On Friday, March 31, Georgia’s First Deputy Defense Minister, Mamuka Kudava, and Russia’s Ground Forces Commander-in-Chief, Colonel-General Alexei Maslov, signed a set of agreements on the withdrawal of Russian forces from the Batumi and Akhalkalaki bases and other Russian military installations in Georgia.
The agreements concern the implementation of the May 30, 2005, Joint Statement, signed by Georgia’s then-Minister of Foreign Affairs Salome Zourabichvili with her Russian counterpart, Sergei Lavrov, on the cessation of functioning of those bases and installations and withdrawal of Russian forces from Georgia by 2008. The Russian side carried out an initial stage of the withdrawal last August (see EDM, June 3, August 1, 16, 2005).
The documents just signed in Sochi include an agreement on the timeframe and modalities of functioning and withdrawal of Russian forces from Georgia and an agreement on the transit of Russian military cargoes and personnel through Georgia’s territory.
The Akhalkalaki base is to be emptied of most of its heavy equipment during 2006 and to be completely closed by October 1, 2007, with a possible extension until December 31, 2007, subject to weather conditions. The Batumi base is to ship out most of its heavy equipment during 2007 and to be completely closed before the end of 2008. The two garrisons total approximately 3,000 Russian military personnel at present. The Batumi base will be the last to close because it serves as an evacuation point for heavy equipment by sea to Russia from various points in Georgia.
During the withdrawal process, the Russian side shall retain:
a) the Gonio exercise range on the Black Sea shore outside Batumi, to be used for logistical operations related to the evacuation, not for exercises;
b) the Russian officers’ hostel in Mtskheta outside Tbilisi, a way-station on the Russian forces’ evacuation route to North Ossetia;
c) the Soviet-era Kojori communications station also outside Tbilisi, to be used jointly by Russia and Georgia under Georgian jurisdiction; and
d) the Tbilisi building of the Headquarters of the Russian Group of Forces in the Transcaucasus, in order for those headquarters to manage the withdrawal process.
All of these installations are also to be handed over to Georgia in 2008. The bases shall function during this period “in a withdrawal mode,” i.e., without conducting firing practice or other combat exercises, essentially packing up. Russia shall allocate 2.166 billion rubles from its state budget in 2006 through 2008 to finance the withdrawal of its forces from Georgia. For its part, Georgia authorizes the use of its air space, highways, railroads, and ports for the transport of Russian military equipment and personnel out of Georgia.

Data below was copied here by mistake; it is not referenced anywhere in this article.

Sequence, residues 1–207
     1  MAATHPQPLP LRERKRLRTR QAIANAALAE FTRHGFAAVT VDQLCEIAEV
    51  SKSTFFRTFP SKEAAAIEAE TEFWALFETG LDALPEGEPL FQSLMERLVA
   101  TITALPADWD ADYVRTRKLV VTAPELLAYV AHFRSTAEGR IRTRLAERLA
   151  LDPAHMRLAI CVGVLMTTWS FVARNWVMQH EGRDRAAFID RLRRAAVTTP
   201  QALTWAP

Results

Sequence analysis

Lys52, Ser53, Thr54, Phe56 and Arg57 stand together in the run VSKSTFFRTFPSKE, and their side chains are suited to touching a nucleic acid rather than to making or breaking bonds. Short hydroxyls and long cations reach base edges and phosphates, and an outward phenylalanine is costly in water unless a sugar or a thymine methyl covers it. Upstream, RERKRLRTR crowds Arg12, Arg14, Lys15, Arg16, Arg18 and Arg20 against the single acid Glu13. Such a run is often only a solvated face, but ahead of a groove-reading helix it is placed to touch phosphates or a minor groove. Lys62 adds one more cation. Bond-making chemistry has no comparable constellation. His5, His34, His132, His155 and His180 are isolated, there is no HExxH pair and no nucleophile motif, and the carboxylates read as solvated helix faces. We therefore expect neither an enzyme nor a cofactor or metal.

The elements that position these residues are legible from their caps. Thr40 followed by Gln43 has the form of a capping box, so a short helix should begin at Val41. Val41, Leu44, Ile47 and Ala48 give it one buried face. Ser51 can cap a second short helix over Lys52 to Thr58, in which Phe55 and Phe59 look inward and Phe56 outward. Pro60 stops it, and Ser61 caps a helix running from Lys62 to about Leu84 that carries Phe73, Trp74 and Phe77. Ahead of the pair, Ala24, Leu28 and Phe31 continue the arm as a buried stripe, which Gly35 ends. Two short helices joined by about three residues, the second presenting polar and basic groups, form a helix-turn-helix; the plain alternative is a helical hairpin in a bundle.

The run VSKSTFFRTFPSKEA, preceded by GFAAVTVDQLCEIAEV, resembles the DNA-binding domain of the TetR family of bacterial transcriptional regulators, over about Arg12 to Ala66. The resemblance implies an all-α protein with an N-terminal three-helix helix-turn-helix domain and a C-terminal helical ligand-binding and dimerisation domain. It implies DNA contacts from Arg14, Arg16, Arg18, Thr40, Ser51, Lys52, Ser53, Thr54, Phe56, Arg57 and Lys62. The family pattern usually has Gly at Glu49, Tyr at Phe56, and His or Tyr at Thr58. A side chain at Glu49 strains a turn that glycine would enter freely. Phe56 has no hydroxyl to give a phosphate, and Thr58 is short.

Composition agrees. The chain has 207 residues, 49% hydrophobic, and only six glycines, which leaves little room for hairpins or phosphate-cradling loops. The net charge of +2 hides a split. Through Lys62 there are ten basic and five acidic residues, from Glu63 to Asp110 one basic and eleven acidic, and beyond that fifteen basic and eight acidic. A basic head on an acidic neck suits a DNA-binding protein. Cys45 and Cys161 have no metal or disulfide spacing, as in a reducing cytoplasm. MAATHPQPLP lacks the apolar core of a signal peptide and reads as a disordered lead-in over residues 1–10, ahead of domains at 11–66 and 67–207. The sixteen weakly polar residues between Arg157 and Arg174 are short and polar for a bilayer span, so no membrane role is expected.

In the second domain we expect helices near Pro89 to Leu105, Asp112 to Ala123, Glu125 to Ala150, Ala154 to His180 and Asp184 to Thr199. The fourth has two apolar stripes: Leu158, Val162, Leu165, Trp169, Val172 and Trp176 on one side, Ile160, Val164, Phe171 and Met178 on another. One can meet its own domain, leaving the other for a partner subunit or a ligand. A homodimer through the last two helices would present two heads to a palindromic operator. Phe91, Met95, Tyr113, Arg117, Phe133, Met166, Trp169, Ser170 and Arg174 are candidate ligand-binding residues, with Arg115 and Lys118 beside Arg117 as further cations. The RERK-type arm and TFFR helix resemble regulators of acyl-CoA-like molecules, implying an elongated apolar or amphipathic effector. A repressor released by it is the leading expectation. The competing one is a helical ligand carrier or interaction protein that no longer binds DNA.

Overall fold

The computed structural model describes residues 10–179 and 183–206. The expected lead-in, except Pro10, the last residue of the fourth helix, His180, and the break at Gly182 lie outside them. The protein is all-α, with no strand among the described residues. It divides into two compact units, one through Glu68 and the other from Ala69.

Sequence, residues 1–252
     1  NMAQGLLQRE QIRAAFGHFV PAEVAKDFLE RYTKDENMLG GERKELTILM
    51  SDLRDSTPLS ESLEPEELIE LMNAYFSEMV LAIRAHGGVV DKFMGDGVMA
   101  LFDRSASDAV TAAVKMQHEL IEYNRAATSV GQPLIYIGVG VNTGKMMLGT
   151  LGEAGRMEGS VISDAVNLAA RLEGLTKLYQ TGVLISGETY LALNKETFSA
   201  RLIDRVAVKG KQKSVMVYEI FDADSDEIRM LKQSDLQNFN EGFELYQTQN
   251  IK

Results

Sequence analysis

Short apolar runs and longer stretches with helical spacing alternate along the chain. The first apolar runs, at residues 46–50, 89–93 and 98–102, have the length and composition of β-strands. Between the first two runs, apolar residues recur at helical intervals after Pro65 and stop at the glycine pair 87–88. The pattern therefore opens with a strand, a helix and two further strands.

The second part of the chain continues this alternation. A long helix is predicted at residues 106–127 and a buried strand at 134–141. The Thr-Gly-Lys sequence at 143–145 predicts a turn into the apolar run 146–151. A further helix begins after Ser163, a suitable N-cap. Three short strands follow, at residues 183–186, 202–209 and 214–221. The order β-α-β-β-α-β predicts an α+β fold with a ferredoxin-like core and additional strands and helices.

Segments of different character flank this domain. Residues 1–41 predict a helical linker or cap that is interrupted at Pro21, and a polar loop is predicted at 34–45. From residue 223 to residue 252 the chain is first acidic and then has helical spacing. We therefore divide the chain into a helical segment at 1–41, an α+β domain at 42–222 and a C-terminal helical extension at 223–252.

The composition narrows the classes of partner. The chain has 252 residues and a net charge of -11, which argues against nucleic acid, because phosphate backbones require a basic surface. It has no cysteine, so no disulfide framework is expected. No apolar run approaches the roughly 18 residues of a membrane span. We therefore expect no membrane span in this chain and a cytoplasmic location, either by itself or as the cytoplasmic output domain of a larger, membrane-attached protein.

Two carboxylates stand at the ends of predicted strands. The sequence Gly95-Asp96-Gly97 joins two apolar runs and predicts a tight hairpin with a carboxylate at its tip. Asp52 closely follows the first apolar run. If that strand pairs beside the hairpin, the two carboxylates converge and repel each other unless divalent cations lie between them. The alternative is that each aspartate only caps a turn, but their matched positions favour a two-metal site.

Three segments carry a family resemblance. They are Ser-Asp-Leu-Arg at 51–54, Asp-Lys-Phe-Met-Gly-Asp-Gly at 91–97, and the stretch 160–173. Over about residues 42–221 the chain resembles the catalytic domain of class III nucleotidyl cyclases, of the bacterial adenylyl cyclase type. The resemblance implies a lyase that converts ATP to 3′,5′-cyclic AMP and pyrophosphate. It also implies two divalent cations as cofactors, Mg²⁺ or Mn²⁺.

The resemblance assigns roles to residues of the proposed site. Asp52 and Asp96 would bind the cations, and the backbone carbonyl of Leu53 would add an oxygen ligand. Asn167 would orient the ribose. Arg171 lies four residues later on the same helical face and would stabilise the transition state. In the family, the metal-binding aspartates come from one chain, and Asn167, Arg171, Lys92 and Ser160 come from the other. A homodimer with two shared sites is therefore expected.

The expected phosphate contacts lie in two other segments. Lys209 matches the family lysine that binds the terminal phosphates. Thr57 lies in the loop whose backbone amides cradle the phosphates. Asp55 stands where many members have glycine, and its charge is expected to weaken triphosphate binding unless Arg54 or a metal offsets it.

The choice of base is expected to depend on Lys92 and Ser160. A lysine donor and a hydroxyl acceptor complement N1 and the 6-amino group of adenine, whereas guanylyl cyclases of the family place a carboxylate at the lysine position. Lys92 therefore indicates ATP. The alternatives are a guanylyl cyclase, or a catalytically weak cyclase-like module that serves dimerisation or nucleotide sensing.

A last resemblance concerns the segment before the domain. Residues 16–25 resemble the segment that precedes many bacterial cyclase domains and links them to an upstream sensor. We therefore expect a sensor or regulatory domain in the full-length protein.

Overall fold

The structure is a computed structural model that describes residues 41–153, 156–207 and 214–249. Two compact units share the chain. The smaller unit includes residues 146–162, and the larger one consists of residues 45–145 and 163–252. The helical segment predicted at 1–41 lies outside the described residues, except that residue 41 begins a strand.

It is informally understood that most of the Russian personnel and some two-thirds of the hardware shall relocate to Russia’s North Caucasus Military District, while one-third of the hardware is to be transferred to Russia’s base at Gyumri in Armenia. The Russian side undertakes not to transfer that equipment to another party, meaning Armenian forces.
Russia retains limited, strictly regulated transit rights to supply its forces in Armenia through Georgian territory in the future. Any Russian military equipment transported via Georgia to Armenia is not to be handed over to other forces (i.e., Armenian) and not to be deployed in any conflict zone (i.e., Karabakh and Armenian-occupied territories inside Azerbaijan). The content of Russian military transit cargoes shall be agreed by Russia and Georgia one year in advance. Cargoes must not include mass-destruction weapons, their components, or any dual-use nuclear, chemical, or biological substances. Georgia has the right to refuse the transit of any Russian cargo that poses a threat to national security or violates any of those conditions.
The March 31 agreement (like the May 30, 2005, Joint Statement) does not cover Russia’s Gudauta base, which is located in Abkhaz-controlled territory. Moscow has claimed since 2003 that it “closed” the base, but has not allowed international verification at the site. In fact, a Russian garrison has continued to be stationed at the base all along, with weapons stockpiles and helicopters. Moscow seeks OSCE approval for the base to be assigned to Russia’s “peacekeeping” troops in Abkhazia. Georgia’s Defense Minister Irakli Okruashvili noted, “They’ve been lying for years, telling us that the base was closed … We will not allow them to kick sand in our face” (Imedi TV, Rustavi-2 TV, March 31).
On March 28, unidentified Abkhaz gunmen stole arms from the Gudauta base and some of them were wounded in an exchange of fire with the Russian garrison during the getaway. The March 31 agreement does not pertain to Russia’s “peacekeeping” contingents in Abkhazia and South Ossetia. The Georgian parliament seeks a formula for replacing those contingents with a genuine, international peacekeeping operation.
(Interfax, Prime-News, March 31)